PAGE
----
Analysis - Canadian dollar rally seen stymied by struggling growth
TORONTO (Reuters) - Canada's dollar looks primed for a retreat in the coming days and weeks after powering to a 13-month high, with exhilaration over an aggressive U.S. Federal Reserve likely to give way to worries about slowing growth and risk of shocks from abroad.
Analysts said the country's record trade deficit, falling manufacturing sales and cooling housing market are harbingers of a softening economy that could quickly curb the enthusiasm of global investors who have flocked to the currency.
"You have to believe that the evidence - at least at this stage - is right now of Canada losing momentum. The trade sector, the numbers are looking particularly dismal," said Michael Gregory, senior economist at BMO Capital Markets.
"One would think that we would trade ... a little closer to parity before we take another run at C$0.95 and beyond."
The Canadian dollar rallied more than 8 percent from early June to hit C$0.9633 against the U.S. dollar, or $1.0381 on Friday, its strongest level since August, 2011.
The Fed's plan to pump $40 billion a month into its economy triggered the last leg of the rise, with traders betting the resulting U.S. growth and commodity price rise would boost Canadian exports.
The currency has also benefited from the European Central Bank's plan to tame the region's debt crisis, a hawkish Bank of Canada and a rising price for crude - a major Canadian export.
Canada is also one of a shrinking number of countries to maintain a coveted triple-A debt rating, giving its assets some safe-haven appeal.
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Yet many strategists believe the rally is overdone and not fully supported by fundamentals. The currency's strength has surprised many forecasters who had seen it holding near U.S. dollar parity over the next 12 months. <CAD/POLL>
"We've seen a one-way trade here since the beginning of June," said Don Mikolich, executive director, foreign exchange sales, at CIBC World Markets. "It would be natural to see some pullback."
He said the currency could ease back to a C$0.9850 to C$0.9960 range over the next month.
Some analysts said the soaring net long Canadian dollar position seen in Commodity Futures Trading Commission data suggests buying the currency is a "crowded trade" that could quickly reverse in the event of a shock.
"The risks are that we get something that unsettles the market once again," said Steve Butler, director of foreign exchange trading at Scotiabank.
While the ECB's plan to help struggling euro zone economies has tempered worries for now, analysts warily note that problems are bound to flare again. Meanwhile, soft Chinese data could also dampen demand for commodities.
And Canada would take a hit if a divided U.S. Congress fails to avoid the so-called "fiscal cliff" of automatic budget cuts that threatens to push the country back into a recession.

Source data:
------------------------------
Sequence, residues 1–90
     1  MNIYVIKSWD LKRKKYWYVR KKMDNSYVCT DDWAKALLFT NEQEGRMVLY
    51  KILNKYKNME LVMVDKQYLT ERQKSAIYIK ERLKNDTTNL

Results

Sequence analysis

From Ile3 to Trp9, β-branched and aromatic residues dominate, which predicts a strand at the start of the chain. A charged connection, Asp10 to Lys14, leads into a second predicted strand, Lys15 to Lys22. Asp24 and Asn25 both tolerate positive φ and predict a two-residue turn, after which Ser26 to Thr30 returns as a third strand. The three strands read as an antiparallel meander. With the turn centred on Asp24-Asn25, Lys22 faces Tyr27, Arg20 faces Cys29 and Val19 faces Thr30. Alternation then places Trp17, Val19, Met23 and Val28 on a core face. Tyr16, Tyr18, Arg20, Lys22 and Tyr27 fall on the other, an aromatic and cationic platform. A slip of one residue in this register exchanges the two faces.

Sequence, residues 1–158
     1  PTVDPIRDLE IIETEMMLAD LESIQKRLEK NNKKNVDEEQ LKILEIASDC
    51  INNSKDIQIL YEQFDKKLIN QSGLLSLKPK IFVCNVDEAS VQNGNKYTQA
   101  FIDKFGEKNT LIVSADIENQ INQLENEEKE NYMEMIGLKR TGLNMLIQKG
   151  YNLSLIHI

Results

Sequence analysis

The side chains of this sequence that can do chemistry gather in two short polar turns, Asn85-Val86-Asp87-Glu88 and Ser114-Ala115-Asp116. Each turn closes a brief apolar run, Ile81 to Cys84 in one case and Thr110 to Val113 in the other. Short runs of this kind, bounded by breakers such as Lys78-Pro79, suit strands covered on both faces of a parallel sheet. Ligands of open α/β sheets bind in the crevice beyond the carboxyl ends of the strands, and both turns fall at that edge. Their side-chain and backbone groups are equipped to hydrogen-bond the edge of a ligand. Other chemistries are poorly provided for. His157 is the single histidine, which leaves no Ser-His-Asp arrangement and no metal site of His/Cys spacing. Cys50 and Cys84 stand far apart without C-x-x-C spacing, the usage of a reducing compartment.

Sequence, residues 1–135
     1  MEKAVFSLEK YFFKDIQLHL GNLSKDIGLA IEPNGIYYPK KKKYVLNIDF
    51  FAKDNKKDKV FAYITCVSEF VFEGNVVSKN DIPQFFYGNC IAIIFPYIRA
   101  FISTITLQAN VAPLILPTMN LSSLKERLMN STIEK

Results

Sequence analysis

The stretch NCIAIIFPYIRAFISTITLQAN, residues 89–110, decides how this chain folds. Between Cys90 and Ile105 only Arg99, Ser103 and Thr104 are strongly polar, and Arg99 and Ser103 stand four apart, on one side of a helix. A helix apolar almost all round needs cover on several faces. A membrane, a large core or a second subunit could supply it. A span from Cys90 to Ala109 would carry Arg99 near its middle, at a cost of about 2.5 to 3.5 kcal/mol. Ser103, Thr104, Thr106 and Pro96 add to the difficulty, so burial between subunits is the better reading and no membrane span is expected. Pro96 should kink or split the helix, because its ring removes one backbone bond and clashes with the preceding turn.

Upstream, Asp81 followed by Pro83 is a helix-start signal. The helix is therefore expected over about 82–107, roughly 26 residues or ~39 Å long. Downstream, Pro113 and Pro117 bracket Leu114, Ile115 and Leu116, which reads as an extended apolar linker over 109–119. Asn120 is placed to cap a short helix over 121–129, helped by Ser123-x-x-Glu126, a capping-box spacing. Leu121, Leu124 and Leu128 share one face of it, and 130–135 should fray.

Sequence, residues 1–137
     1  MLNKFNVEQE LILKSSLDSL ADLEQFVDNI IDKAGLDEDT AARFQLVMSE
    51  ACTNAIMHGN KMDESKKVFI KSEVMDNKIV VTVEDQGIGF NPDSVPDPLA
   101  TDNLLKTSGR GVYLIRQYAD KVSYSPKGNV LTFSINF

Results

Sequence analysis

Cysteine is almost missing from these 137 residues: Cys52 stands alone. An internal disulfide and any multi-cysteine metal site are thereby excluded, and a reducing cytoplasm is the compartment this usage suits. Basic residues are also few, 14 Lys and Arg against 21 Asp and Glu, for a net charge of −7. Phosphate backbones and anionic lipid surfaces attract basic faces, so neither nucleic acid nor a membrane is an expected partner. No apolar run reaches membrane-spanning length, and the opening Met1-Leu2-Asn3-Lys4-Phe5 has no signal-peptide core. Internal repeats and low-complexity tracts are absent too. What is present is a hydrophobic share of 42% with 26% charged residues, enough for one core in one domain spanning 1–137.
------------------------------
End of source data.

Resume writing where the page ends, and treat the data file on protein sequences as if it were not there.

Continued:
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Soft U.S. demand and the soaring currency have already squeezed Canadian exporters by making their goods less competitive, contributing to July's record trade deficit and grim factory sales.
While the July trade data may be the result of one-off factors, the currency "is certainly getting to a point where it's somewhat painful because of the lacklustre performance in the U.S.," said David Watt, chief economist at HSBC Canada.
"You also have to keep in context that it's U.S. dollar weakness that's generally driving this right now, it's not necessarily Canadian dollar strength."
Bank of Canada Governor Mark Carney has talked about the challenges of the strong currency, but rejected the idea that the economy is suffering from so-called "Dutch disease", wherein high commodity prices increase the value of the currency and undercut the manufacturing sector.
The central bank has helped to lift the currency with language pointing to an eventual rate hike. But analysts said the signs of slowing growth and risk of getting too far ahead of the Federal Reserve have undermined that prospect.
"The Bank of Canada has remained the only central bank with a slightly hawkish bias. People are probably going to start questioning that a little bit more after the data that came out," said Greg Moore, FX Strategist at TD Securities.
Most Canadian primary dealers have recently pushed back their forecasts for the next Bank of Canada rate increase, which is not expected until at least late 2013, according to a Reuters poll. <CA/POLL>
To be sure, many currency strategists are still bullish about the Canadian dollar in the longer term. And given the recent volatility of currency markets, they said a near-term pullback is no sure thing.
"We've been surprised along the way here ... I don't want to underestimate it, it's been much stronger than one would've expected lately," said CIBC's Mikolich.
(Editing by Jeffrey Hodgson and Frank McGurty)
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